Saudi private sector growth falls to 6-month low in May

Data from the Emirates NBD Saudi Arabia PMI also shows that cost inflation dropped to a survey-record low
Saudi private sector growth falls to 6-month low in May
By Staff writer
Fri 16 Jun 2017 12:53 AM

Saudi Arabia's non-oil private sector remained comfortably in expansion territory during May, supported by sharp expansions in output and new orders although in both instances rates of increase eased.

Data from the Emirates NBD Saudi Arabia Purchasing Managers’ Index (PMI) also showed that cost inflation dropped to a survey-record low.

Consequently, selling prices were lowered marginally. Meanwhile, new export orders fell for the second month in succession, reflecting intense competition in external markets.

The headline seasonally adjusted PMI edged down to 55.3 during May (from 56.5 in April). Despite falling to a six-month low, the latest reading signalled a robust improvement in the health of the sector.

Khatija Haque, head of MENA Research at Emirates NBD, said: “The decline in Saudi Arabia’s PMI in May was largely due to slower new orders growth, with export orders in particular showing weakness. 

"While the non-oil sector has seen stronger growth so far this year compared to 2016, the downside risks to overall GDP growth have increased with the extension of OPEC’s production cuts for a further 9 months.”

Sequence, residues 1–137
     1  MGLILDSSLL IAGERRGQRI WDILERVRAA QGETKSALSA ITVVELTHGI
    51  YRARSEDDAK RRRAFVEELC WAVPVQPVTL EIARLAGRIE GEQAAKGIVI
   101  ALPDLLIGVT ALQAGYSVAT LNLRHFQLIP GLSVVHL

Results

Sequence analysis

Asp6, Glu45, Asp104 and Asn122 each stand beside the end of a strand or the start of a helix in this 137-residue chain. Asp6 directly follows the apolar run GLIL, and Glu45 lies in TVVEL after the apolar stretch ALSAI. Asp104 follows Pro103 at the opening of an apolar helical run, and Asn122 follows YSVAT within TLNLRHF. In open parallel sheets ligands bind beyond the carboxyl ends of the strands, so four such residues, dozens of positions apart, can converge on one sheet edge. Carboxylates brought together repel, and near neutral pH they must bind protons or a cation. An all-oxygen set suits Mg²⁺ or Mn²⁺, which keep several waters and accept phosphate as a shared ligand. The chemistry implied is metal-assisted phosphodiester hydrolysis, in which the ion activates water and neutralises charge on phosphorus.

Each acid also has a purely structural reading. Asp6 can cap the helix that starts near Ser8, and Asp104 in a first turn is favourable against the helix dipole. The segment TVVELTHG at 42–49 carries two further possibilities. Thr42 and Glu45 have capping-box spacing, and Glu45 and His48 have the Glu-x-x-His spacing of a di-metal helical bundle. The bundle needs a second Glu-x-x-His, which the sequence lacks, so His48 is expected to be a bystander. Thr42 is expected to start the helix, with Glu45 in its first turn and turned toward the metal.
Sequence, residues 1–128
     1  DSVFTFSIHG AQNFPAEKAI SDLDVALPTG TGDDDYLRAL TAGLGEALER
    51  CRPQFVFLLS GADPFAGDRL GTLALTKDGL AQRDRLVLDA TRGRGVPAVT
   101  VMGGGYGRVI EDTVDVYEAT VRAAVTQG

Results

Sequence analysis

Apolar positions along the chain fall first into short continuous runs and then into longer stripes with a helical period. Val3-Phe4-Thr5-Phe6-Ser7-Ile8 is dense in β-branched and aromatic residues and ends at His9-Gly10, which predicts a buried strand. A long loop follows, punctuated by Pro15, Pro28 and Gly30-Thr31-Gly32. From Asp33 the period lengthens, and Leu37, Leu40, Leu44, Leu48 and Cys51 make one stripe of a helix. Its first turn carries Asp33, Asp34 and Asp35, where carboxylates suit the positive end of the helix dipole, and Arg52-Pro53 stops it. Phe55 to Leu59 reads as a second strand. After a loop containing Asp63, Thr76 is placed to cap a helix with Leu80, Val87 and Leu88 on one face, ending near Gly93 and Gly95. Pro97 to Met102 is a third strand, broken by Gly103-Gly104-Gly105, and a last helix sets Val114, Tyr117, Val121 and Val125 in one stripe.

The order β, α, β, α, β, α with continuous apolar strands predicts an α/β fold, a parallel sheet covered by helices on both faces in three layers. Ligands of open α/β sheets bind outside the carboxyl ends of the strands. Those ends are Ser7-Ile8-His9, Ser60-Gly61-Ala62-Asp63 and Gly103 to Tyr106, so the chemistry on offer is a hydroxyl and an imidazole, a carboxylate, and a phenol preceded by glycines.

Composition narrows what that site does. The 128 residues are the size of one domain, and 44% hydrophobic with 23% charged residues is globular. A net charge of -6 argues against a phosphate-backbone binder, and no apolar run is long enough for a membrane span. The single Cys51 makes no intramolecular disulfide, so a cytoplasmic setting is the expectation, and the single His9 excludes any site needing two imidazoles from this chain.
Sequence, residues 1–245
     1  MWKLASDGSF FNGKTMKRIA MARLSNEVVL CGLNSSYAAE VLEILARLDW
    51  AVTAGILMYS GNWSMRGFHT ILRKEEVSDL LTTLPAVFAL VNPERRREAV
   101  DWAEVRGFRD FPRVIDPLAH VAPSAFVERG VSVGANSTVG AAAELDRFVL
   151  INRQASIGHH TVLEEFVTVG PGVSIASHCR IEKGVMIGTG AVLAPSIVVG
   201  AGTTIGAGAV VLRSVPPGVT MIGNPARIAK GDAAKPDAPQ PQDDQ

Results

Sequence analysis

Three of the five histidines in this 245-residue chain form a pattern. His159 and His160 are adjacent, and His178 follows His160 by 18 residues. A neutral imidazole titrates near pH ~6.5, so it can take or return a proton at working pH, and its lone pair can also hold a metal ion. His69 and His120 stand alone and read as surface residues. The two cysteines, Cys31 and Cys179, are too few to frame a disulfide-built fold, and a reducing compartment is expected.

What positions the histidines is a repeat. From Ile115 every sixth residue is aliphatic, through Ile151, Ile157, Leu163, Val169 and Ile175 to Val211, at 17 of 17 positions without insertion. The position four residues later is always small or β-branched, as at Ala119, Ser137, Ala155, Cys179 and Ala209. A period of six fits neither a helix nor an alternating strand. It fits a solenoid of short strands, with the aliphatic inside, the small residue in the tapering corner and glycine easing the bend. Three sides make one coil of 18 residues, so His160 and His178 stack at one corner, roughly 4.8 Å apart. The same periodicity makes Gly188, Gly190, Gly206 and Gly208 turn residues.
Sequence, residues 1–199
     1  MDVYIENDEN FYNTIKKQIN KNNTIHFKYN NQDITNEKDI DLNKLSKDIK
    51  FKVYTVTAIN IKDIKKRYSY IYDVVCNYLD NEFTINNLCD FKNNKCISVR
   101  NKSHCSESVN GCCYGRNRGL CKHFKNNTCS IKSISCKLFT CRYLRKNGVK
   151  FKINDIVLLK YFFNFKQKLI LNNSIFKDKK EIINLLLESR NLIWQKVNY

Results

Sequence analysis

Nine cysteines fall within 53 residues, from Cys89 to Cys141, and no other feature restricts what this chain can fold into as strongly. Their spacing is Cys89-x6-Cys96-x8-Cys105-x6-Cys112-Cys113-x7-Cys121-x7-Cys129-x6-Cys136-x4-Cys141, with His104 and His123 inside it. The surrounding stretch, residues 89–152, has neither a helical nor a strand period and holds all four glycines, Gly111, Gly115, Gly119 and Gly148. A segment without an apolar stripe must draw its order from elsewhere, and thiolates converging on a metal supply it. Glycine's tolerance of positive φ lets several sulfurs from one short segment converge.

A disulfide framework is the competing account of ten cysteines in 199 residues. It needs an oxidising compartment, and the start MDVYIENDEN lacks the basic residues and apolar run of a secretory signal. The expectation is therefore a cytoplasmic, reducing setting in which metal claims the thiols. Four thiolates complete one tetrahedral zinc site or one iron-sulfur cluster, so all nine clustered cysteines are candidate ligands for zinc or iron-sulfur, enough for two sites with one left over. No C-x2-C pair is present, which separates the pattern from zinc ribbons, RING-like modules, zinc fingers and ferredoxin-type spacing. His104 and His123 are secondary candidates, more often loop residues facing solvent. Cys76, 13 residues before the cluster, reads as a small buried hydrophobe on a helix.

Central to the latest improvement in business conditions was a sharp increase in output. Panellists commented on strong underlying demand and more projects. Nevertheless, the pace of growth was at a six-month low.

Underlying data suggested that growth in total new work was led by the domestic market as new export orders fell for the second consecutive month. Anecdotal evidence pointed to competitive pressures globally.

Payroll numbers increased further in May, thereby stretching the current period of employment growth to 38 months. The rate of job creation was the strongest since August 2016, but only marginal.

In response to greater output requirements, firms engaged in further input buying. In spite of easing to a 13-month low, the rate of growth was sharp overall. Subsequently, stocks of purchases continued to increase.

The degree of positive sentiment climbed to the highest in over a year across the Saudi non-oil private sector. This reflected new projects in the pipeline, as well as expectations of further improvements in demand.

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